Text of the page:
- The Washington Times - Sunday, March 12, 2006

Kilts and short skirts were popular yesterday, and not just because the annual St. Patrick’s Day Parade marched down Constitution Avenue in the District.

“There’s a lot more people here because of the weather,” said Manuel Pinto, 66, of Silver Spring, who, with his wife, Virginia, has taken part in the parade every year since it began 35 years ago in Dupont Circle.

The spectators, many of them in green, lined Constitution Avenue from Seventh to 17th Street Northwest for more than three hours to watch the parade of 117 celebrating units.

Although the sun didn’t shine, the 70-degree weather was encouraging.

Many onlookers clapped their hands to the rhythm of the Irish band music and dancers, mostly girls and women. The dancers’ upper bodies seemed to be floating, while their legs and feet kicked out and spun in time to the drums, fiddles and bagpipes.

Although they were celebrating the patron saint of Ireland, not all of those who came out for the parade were Irish.

The Pintos, for example, were dressed in historic German clothes. Mr. Pinto wore a brown pointed hat with a colorful band, a bloused shirt, brown plaid kilts and knee-high plaid socks. Mrs. Pinto wore a full-skirted, white dress that matched her white hair.

“It’s Bavarian,” Mr. Pinto explained, and fits in with SuGTV “Washingtonia” of Washington, a club created more than 70 years ago to promote Bavarian folk dancing.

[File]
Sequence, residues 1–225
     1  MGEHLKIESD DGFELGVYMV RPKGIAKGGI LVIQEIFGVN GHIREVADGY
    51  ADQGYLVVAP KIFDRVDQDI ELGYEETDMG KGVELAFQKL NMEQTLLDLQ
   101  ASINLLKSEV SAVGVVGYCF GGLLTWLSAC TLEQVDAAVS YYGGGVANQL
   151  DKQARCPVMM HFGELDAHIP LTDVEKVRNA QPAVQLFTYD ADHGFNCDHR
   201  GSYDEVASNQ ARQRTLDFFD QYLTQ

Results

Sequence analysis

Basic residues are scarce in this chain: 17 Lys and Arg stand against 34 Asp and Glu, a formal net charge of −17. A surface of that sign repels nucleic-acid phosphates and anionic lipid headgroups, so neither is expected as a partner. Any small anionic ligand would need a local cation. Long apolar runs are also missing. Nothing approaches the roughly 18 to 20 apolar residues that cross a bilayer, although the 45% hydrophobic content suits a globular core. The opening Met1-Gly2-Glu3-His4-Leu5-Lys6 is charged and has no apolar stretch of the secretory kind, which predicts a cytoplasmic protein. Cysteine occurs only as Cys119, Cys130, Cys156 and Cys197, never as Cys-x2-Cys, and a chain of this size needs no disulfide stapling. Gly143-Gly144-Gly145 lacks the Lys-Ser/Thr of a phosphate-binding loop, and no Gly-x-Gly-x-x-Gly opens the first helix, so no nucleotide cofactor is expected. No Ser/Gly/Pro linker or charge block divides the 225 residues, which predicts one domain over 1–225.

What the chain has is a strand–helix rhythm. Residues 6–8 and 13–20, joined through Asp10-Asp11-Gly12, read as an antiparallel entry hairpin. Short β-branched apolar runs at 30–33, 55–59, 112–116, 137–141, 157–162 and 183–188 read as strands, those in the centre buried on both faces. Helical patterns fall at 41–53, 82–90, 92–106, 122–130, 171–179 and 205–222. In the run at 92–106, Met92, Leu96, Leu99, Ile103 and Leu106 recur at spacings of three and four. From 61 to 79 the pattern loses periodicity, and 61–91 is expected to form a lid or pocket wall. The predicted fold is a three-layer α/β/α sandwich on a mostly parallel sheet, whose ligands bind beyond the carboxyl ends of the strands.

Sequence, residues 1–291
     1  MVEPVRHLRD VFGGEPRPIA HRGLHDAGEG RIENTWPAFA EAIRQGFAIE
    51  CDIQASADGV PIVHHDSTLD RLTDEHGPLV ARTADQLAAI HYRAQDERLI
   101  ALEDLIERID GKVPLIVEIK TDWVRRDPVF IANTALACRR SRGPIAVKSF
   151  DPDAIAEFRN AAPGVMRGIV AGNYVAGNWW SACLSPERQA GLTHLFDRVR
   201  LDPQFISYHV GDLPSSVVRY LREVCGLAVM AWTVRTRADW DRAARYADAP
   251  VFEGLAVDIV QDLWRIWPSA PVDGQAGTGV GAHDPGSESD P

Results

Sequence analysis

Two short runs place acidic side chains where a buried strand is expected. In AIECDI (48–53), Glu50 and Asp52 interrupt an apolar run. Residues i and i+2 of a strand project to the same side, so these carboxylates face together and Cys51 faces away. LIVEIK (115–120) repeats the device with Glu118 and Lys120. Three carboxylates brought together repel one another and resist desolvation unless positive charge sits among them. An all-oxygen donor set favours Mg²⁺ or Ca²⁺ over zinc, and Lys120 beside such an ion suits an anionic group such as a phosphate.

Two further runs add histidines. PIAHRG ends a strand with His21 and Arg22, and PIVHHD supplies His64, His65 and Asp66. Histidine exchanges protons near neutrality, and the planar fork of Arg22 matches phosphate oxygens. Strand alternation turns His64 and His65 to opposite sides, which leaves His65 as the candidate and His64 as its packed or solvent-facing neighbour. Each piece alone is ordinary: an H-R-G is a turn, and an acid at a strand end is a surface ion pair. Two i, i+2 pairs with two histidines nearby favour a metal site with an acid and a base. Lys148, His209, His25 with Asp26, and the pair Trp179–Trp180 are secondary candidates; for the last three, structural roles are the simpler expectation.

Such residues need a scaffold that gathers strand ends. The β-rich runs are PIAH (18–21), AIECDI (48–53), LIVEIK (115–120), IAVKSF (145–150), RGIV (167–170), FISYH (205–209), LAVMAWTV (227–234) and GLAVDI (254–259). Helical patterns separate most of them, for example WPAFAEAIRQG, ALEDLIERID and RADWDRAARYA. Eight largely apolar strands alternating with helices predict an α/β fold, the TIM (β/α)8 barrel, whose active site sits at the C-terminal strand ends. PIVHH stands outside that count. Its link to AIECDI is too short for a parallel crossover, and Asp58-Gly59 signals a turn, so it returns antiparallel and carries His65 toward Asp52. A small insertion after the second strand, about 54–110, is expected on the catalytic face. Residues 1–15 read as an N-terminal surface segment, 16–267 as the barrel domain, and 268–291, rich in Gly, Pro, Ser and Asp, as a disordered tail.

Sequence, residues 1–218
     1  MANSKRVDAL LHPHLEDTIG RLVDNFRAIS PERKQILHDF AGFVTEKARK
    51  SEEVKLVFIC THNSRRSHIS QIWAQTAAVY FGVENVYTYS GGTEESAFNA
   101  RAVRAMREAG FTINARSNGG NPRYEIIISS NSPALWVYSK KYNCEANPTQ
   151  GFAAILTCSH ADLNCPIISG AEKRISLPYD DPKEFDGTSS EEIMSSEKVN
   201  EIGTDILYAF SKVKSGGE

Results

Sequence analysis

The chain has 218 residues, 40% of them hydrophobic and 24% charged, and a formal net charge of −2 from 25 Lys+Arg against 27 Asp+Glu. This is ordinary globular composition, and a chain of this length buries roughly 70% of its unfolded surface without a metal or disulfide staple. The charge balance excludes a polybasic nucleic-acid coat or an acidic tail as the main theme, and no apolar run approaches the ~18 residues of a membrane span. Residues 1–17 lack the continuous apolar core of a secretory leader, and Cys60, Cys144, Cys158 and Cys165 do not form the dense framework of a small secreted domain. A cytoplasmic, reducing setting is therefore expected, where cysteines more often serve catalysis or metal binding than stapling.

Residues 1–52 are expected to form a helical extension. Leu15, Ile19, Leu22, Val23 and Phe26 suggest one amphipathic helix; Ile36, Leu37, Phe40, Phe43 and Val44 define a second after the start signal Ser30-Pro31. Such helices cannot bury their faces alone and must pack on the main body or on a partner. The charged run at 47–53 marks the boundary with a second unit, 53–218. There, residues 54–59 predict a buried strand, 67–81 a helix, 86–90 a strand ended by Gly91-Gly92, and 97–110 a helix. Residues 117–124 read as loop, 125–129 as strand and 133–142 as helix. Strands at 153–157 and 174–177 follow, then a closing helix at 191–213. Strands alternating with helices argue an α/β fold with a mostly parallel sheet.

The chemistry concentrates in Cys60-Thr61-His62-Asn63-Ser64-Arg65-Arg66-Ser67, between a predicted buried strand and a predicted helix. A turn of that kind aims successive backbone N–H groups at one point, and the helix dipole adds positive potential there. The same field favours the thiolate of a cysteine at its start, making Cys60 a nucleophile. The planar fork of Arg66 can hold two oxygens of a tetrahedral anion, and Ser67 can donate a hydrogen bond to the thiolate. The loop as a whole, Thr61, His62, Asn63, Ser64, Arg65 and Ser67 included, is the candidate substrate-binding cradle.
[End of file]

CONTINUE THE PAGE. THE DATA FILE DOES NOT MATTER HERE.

Later in the parade came 2006 Miss D.C. National Teenager Marisa West, bedecked in a long white dress and a jeweled crown, sitting in an old red pickup truck. Close behind seated atop a black convertible was Miss Annapolis Ashley Windle, who wore a black gown and her crown.

Leading the parade was Grand Marshal Susan O’Malley, president of Washington Sports & Entertainment. Miss O’Malley oversees all business operations for the Washington Wizards.

Setting the rhythm were the bands of the U.S. Air Force, marching platoons of the U.S. Army, Marines, Navy, Air Force, Coast Guard and 3rd U.S. Infantry “Old Guard” fife and drum corps.

Up to 50 D.C. Fire Department Emerald Society Pipes & Drums players in kilts instilled the Irish mood.

The youthful members of the Culkin School of Traditional Irish Dance were among the several dance schools that participated in the parade.

The dancers, mostly made up of girls and women, wore short, multicolored dresses. They smiled as they stomped their feet, kicked up their legs and whirled about. Young spectators, many of them with green shamrocks painted on their cheeks, cheered.

Also present were many dogs, of all varieties, not just Irish wolfhounds. “I Love My Dog” was printed on the shirts of 20 dog owners, including Karen McNally, a student at Greenbelt Dog Training.

“It seems there are a lot more people here than in the past,” Miss McNally said.

Some participants handed out candy to children, although parents got some of the sweets, too.

Metropolitan Police Patrol Officer John Patrick McArdle rode by, then turned his motorcycle around and stopped beside an Irish family.

He gave small bottles of water to four children while their father ordered them to pose for a picture.

“This is a good one,” said retired D.C. police Officers Danny Jeffers, 65, and Lou Leonard, 64. “We were a little chilly last year.”

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